Thompson Rivers University

Alum named President of Native Women’s Association

  Posted on: August 3, 2017

Francyne Joe is the new President of the Native Women's Association of Canada. Photo courtesy Tiffany Christianson Photography.

School of Business alumna Francyne Joe has been elected President of the Native Women’s Association of Canada (NWAC), a position that will see her play a critical role as a voice of Indigenous women at the national and international level.

Joe stepped into the position as interim president 10 months ago and was elected to a three-year-term at NWAC’s 43rd Annual General Assembly (AGA) on July 15, 2017 in Edmonton. 

“The job is extremely demanding, it’s basically 24/7 and requires me to be on the road a lot, but it’s also afforded me opportunities that I never dreamed of, like speaking on the National Inquiry into Missing and Murdered Indigenous Women and Girls (at the UN in Geneva), or meeting with Prime Minister Justin Trudeau,” said Joe.

“Sometimes it’s really nerve-wracking and other times I’m like, ‘I got this.’ The skills I have developed throughout my career and during my time at TRU have given me a network to draw upon, and I do so frequently.”

Joe hails from the Lower Nicola Indian Band and spent a lot of time on campus as both a student and a career mentor.

She says the greatest challenge is being taken seriously by the federal government as an organization deserving to sit at the consultation and negotiation table along with the Assembly of First Nations (AFN), Inuit Tapiriit Kanatami (ITK) and Métis National Council (MNC) and lobby for the core operating funds necessary to continue to do advocacy and research for Indigenous women’s issues. She also wants to make it clear that NWAC is more than the National Inquiry into Missing and Murdered Indigenous Women and Girls, because NWAC is also empowering women by being involved in developing and chang­ing legislation which affects them, and by involving them in the development and delivery of pro­grams promoting equal opportunities.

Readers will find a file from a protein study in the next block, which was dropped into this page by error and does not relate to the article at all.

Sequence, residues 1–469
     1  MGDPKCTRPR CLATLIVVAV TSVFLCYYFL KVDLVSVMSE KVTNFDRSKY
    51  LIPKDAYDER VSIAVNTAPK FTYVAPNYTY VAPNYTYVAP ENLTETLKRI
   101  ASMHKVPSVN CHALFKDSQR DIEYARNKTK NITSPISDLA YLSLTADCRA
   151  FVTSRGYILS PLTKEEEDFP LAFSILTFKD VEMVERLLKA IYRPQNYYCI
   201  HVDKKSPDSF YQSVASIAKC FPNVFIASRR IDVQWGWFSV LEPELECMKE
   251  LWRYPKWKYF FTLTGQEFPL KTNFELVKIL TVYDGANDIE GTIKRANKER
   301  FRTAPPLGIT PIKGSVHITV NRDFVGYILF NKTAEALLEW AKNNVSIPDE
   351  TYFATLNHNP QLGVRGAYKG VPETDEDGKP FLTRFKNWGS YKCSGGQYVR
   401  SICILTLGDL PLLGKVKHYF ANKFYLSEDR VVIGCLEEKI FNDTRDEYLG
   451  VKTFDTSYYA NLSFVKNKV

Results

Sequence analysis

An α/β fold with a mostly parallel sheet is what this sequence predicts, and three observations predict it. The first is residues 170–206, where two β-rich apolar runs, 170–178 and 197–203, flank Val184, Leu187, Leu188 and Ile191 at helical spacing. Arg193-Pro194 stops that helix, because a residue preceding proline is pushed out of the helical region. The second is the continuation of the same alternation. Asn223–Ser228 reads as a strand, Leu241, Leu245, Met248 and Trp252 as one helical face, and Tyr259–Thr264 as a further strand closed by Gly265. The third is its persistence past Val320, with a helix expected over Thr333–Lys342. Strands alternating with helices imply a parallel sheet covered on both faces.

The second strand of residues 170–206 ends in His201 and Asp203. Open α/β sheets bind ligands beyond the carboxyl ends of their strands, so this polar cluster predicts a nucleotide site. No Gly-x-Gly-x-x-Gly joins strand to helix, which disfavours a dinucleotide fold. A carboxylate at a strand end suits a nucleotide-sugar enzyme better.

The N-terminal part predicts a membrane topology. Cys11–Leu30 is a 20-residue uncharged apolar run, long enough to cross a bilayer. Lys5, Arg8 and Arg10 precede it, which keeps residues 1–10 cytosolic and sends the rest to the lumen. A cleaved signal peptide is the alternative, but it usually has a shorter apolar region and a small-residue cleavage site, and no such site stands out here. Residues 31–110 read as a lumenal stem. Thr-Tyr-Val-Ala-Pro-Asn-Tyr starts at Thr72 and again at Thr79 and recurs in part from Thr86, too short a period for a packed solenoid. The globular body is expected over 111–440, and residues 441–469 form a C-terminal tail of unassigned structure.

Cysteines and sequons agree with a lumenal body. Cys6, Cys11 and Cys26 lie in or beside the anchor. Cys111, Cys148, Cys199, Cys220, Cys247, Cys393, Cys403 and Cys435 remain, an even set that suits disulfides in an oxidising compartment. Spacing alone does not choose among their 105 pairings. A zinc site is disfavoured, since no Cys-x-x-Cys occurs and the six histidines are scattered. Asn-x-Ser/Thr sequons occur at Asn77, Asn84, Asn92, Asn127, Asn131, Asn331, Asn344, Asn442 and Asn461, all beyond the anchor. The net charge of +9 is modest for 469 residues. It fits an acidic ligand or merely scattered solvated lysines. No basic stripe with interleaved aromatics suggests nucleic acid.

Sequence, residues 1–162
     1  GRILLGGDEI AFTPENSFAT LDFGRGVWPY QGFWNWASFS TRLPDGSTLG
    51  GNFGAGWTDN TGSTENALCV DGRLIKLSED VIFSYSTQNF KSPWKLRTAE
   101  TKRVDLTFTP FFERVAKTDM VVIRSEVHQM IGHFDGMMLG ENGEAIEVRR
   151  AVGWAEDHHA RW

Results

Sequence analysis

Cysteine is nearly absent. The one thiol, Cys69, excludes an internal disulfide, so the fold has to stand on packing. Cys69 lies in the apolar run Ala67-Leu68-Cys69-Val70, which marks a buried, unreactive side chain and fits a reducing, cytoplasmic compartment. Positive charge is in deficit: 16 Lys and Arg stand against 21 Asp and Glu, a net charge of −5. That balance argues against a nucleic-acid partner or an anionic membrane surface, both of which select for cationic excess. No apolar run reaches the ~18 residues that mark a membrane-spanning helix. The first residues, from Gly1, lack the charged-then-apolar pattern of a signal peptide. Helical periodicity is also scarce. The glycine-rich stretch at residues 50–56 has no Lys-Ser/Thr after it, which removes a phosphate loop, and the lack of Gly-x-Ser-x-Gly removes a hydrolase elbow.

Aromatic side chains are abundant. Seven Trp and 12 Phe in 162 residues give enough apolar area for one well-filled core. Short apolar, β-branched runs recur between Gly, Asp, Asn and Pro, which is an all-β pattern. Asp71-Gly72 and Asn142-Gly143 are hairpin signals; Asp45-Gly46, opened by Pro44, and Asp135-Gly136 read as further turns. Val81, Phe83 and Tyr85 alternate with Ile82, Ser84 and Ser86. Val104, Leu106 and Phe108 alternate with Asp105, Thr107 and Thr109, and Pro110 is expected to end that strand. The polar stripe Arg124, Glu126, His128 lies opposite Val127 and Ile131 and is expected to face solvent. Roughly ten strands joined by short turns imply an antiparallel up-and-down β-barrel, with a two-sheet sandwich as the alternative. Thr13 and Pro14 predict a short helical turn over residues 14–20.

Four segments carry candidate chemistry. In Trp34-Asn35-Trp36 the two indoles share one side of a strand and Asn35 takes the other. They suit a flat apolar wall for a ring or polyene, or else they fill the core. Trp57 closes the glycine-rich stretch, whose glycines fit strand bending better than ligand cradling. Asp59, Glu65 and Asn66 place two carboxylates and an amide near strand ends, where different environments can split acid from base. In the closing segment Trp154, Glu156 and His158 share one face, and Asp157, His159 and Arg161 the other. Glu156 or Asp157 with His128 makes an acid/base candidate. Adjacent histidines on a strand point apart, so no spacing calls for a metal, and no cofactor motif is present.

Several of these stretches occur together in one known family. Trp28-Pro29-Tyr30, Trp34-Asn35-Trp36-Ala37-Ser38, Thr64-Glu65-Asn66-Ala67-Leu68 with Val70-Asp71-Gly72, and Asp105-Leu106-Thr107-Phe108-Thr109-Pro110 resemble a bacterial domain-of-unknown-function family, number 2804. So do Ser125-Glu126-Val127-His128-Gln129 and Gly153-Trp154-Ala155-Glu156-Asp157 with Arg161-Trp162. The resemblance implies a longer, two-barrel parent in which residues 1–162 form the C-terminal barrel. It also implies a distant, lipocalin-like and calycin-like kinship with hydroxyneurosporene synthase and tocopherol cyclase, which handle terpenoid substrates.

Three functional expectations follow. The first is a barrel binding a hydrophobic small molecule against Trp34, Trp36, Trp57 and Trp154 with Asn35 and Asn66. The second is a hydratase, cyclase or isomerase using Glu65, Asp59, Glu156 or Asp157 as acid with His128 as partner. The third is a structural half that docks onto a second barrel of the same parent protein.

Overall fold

“One of the programs I am most excited about is the Aboriginal Women’s Business Entrepreneurship Network (AWBEN) program which invites interested and established women entrepreneurs to serve as a Mentor for Métis, Status and Non-Status women interested in starting their own business,” she said.

“I love seeing women become financially independent, work together, and contribute to their communities. It’s inspiring to see that women can do whatever they want.”

Joe will spend the next month meeting with the new NWAC Board of Directors and team in Ottawa, setting up a strategy for the next three, six and nine months. And while she hasn’t had a moment to slow down and reflect, she says, “you never know what can change your career path, but I think it’s important to take risks and put yourself out there because it’s totally worth it.”